On a recent visit to Storm King Art Center in Orange County’s Mountainville, I stood at the summit of the outdoor sculpture park looking down at the fields against the backdrop of the Hudson Highlands, absorbing the sight of the monumental works of art in the distance, seemingly dwarfed in the vastness of the setting. Although “setting” is not, perhaps, the correct word to use; that implies something waiting for adornment. And from the Art Center’s inception half a century ago, the intention was always to integrate the sculpture with the landscape and sky into a unified experience. One can’t fully appreciate either the art or the landscape in this location without considering the partnership of one with the other.
Works of art at Storm King were never just plunked down wherever there was room to put them. Each piece was – and still is – carefully sited in its location, the landscape frequently altered to enhance or accommodate the piece. Some of the works are site-specific, like Andy Goldsworthy’s fascinating serpentine Storm King Wall out at the farther edges of the property. And in the same way that we make a space our own when we move into it, so do the works here seem to do so. Artworks installed at Storm King occupy their piece of the land as if they grew there.
But grounded in their environment as they are, the sculptures relate just as strongly to the sky. (As John Lennon wrote, “Look up in the sky…which extends to the ground. We are all part of the sky, more so than of the ground.”) When a massive stabile by Calder is installed outside a public place or a museum building, the sightlines end there. At Storm King, the sheer extent of the land – more than 500 acres – allows for a generosity of space around even the largest works, their forms creating negative space beautifully delineated against endless sky.
All of that room to breathe, however, means that visitors have to make an effort to see it all. Five hundred acres is a lot of ground to cover. It’s worth it, but the visitor shouldn’t expect this to be a passive experience in terms of the exertion required, in the way of traditional museums that one can explore by slowly strolling through.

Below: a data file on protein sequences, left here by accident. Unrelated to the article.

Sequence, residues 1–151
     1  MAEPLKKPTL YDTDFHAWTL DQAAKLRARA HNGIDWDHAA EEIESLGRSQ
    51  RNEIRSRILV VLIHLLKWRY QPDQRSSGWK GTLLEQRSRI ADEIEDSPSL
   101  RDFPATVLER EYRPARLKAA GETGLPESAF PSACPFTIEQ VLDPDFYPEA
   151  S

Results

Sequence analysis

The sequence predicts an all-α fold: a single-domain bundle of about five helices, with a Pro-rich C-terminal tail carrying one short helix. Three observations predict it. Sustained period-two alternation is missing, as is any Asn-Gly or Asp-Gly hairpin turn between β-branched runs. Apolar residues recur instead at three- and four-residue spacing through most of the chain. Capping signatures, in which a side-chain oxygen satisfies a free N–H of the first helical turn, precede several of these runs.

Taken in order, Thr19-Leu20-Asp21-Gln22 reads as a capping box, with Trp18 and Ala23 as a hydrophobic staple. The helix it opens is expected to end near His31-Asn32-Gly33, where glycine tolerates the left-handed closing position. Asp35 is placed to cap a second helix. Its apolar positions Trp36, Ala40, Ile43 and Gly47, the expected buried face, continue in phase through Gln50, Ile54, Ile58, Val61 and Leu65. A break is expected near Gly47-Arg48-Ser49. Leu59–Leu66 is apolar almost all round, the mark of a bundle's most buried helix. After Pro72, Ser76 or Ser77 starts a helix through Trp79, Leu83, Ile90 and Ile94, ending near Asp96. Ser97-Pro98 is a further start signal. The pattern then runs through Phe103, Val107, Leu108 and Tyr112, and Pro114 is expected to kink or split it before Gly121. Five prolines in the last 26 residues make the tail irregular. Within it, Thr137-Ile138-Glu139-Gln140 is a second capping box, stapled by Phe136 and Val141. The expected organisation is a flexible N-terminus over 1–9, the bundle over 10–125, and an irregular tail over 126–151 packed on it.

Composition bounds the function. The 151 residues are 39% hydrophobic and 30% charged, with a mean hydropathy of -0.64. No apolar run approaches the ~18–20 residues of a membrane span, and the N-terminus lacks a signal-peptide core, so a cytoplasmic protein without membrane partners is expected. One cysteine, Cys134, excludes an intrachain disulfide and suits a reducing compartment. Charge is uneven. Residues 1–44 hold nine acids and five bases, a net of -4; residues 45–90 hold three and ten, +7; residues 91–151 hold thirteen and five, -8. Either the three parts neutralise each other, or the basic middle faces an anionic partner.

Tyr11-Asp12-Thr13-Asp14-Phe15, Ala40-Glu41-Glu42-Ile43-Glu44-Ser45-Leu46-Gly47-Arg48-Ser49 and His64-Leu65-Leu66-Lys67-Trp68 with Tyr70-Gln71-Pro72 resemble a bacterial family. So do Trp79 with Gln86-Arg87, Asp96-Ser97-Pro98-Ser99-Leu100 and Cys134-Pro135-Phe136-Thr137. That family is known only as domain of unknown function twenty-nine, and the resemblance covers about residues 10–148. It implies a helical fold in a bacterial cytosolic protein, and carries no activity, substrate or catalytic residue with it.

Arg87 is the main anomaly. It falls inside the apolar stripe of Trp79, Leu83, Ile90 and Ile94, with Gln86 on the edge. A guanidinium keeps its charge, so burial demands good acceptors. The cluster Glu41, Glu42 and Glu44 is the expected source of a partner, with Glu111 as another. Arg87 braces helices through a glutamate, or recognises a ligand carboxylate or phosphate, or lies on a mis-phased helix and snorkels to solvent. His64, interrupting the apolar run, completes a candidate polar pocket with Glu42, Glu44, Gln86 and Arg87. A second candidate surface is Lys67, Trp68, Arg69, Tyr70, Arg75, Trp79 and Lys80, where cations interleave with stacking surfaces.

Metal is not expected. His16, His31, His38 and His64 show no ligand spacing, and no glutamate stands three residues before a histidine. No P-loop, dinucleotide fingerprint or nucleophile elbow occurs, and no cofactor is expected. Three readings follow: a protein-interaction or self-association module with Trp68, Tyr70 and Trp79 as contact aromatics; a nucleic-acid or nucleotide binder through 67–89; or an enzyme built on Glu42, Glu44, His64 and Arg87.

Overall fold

When I worked in the visitors’ center at Storm King Art Center for two seasons more than a decade ago, the only thing we heard more than “This place is incredibly beautiful” was “Why didn’t anybody tell us we were going to be doing so much hiking?” It was fairly predictable on any given day that at some point in the afternoon, people would come through the doors of the Normandy-style château that serves as visitors’ center, gallery space and museum shop (the only indoor space at Storm King, and thus the only heated or air-conditioned area) and sort of collapse on the counters from their exertions while making this query of us. Clearly some preparation would have been helpful.
So when my editor at Almanac Weekly asked me if I’d like to write about the new events and programs that the Art Center is doing these days, I thought that it might be useful to preface that with some recommendations. After all, what good is personal experience if not to learn from?
Dress for a hike, not for a stroll. Wear the right shoes. (We just used to shake our heads when we’d see a woman clip-clopping up the path wearing heels.) Wear a hat, and use sunscreen; there’s not a lot of shade. You’ll be in full sun much of the time. Bring bottled water along. There are paved and gravel paths, but there is also a great deal of hillside, and fields of long grasses to tromp through. The landscape at Storm King Art Center has been molded and shaped, but there is some wildness still. Those visitors were right: The place is incredibly beautiful. Just plan ahead and expect to take an active part in your experience.